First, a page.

Raises for IT workers lag behind CPI
IT workers hoping to improve their standard of living in 2012 will not likely find relief through annual salary raises, according to a new report from Computer Economics.
Computer Economics makes no mention of the healthcare IT market specifically in announcing the report – only that it covers 20 sectors. However, anecdotal evidence indicates that healthcare IT professionals remain in high demand as the nation moves to digital medical records.
The report does concede there are some skill sets in short supply: “Developers with skills in mobile app development will remain in tight supply, as will those with experience in supporting infrastructure virtualization. In the IT world, there are always skill shortages in the growth technologies, and many IT organizations have no choice but pay up for those skills or turn to service providers for in-demand expertise – and pay a premium.”
The findings by Computer Economics are based on a fourth-quarter survey of more than 130 U.S.-based IT organizations. Although there are modest improvements in the general employment picture, the research indicates hiring by IT organizations across all sectors will remain weak in 2012, especially among large organizations, Computer Economics executives note.
The Computer Economics 2012 IT Salary Report finds that IT organizations are planning to hand out average raises of 2.8 percent this year.
Even organizations at the 75th percentile are budgeting for only a 3 percent wage increase for employees, the report states. That lags well behind the 3.4 percent rise in the Consumer Price Index for the 12-month period through November 2011.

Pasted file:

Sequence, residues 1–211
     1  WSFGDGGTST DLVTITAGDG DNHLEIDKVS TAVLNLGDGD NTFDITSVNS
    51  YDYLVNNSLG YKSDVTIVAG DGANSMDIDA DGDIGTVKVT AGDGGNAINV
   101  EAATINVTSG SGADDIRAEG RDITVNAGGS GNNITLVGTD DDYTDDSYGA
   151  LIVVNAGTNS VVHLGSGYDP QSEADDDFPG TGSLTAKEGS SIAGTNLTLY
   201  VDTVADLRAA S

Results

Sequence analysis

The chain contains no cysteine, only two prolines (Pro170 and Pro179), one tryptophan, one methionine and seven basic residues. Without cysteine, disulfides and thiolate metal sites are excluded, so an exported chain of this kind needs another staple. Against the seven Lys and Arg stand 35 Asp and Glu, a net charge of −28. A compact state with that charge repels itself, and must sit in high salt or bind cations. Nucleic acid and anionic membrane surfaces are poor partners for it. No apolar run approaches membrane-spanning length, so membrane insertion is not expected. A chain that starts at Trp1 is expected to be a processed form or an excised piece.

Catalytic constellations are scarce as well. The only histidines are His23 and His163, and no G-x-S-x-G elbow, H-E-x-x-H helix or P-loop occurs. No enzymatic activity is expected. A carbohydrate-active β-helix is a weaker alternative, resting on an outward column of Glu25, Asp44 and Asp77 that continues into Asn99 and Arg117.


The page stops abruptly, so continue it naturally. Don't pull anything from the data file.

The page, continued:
On a positive note, most IT workers will get some measure of increase: Even organizations at the 25th percentile are increasing salaries for existing employees by 1.8 percent, which is an improvement over the no-raise policy that prevailed last year in the bottom quartile, according to the report. Still, typical raises planned for 2012 are somewhat compressed across all quartiles and show little variation by job function or level.
“If the domestic economy continues to improve, we anticipate some upward pressure on wages, however," the report's authors write. "IT organizations will need to take steps to retain key workers due to the rise in voluntary turnover rates. Voluntary turnover rate for IT organizations, after dropping to nearly 2 percent in 2010, is on track to return to normal levels in 2012. Turnover rose to 4 percent to 2011, and we anticipate it returning to the 5 percent level, which was typical during the period prior to the 2008 recession.”
The report notes that IT organizations will face demands for higher pay from some workers.
The full study projects total salary (base pay plus incentive pay) for 65 IT job functions. It estimates total salaries for 20 sectors and more than 400 metropolitan and non-metropolitan areas.